Women in Westminster: In Conversation With Abena Oppong-Asare MP
Abena Oppong-Asare entered the House in 2019 and has rapidly progressed to her current role as Labour’s frontbench lead on Women’s Health and Mental Health issues. As part of our Women in Westminster series, PoliticsHome sat down with Oppong-Asare to find out more about why she sees diversity in politics as essential to our democracy.
A university careers advisor once told Abena Oppong-Asare that the chances of “someone like her getting a job in Parliament were slim and she should not try”. That negative assessment of her prospects did not dissuade her. In fact, it merely increased her motivation to succeed.
“If someone tells me that I can't do something it just energises me to do it,” she tells PoliticsHome, remembering the advice she was given. “Because you know, what right does someone else have to say you don't have the ability to do things?”
That refusal to be sidelined or placed in a particular category has been a hallmark of Oppong-Asare’s career in politics to date. During our sit-down conversation, it is clear that her drive to positively change society is far more powerful than the barriers that stood in her way.
In truth, it was not always obvious that politics would provide the route to deliver the impact that Oppong-Asare aspired to achieve. Growing up in what she describes as “a non-political household”, she attributes much to the strong family network that gave her the self-belief and confidence to seek out opportunities to make a difference.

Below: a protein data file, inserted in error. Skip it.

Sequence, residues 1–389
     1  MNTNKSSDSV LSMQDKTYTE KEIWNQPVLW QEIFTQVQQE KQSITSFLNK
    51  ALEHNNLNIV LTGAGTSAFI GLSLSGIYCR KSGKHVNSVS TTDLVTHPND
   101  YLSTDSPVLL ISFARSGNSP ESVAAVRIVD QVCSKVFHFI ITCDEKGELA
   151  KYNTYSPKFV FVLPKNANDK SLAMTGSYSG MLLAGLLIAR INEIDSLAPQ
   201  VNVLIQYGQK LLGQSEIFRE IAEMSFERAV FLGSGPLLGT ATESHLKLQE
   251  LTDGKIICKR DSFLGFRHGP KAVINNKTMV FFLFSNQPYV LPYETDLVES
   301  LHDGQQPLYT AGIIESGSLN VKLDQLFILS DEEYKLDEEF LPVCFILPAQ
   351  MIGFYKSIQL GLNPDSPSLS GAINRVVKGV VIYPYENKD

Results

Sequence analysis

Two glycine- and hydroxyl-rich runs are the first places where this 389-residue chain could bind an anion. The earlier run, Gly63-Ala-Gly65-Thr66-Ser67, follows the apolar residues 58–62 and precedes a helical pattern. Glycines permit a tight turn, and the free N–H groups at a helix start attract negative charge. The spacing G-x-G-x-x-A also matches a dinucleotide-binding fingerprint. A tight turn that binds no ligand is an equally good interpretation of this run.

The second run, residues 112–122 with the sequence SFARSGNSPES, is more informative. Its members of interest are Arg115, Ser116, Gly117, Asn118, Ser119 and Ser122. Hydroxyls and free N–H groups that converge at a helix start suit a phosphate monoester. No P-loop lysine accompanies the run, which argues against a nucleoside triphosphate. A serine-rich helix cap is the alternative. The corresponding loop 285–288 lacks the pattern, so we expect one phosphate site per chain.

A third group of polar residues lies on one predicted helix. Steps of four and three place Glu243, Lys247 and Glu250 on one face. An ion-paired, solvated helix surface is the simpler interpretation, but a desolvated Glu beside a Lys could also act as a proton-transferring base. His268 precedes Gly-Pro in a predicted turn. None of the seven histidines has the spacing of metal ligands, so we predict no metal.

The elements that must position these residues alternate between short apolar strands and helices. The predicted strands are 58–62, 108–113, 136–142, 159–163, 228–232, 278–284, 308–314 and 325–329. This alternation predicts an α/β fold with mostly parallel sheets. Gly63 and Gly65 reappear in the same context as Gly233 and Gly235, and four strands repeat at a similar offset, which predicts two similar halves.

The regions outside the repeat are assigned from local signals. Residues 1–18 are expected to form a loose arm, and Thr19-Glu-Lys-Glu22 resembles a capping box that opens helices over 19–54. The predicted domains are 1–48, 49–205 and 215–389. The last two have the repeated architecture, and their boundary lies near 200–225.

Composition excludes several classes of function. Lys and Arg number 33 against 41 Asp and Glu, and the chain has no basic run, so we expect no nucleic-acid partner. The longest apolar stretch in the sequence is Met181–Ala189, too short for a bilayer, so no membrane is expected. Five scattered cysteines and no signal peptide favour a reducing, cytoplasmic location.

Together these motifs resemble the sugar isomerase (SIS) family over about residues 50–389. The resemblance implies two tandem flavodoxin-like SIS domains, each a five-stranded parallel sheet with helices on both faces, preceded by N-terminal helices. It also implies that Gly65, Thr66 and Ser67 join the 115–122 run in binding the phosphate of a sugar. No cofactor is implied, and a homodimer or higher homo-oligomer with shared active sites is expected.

It was shortly before she started her master’s degree that Oppong-Asare became more aware of the powerful impact that politics could make in driving change, particularly for those who were not always well-represented in public life.
She undertook work experience with Baroness Amos, the first Black leader of the House of Lords. Amos remains a figure that Oppong-Asare identifies as an important inspiration. The experience of working alongside Amos helped kickstart Oppong-Asare’s own political journey.
“She's from my area in Bexley, and I just thought someone from my area working in Parliament was really inspirational,” she says of Amos. “When I was growing up, I didn't really see many female Black role models in Parliament. Going into the House of Lords really opened my eyes. I didn't think that I would be able to walk into those spaces.”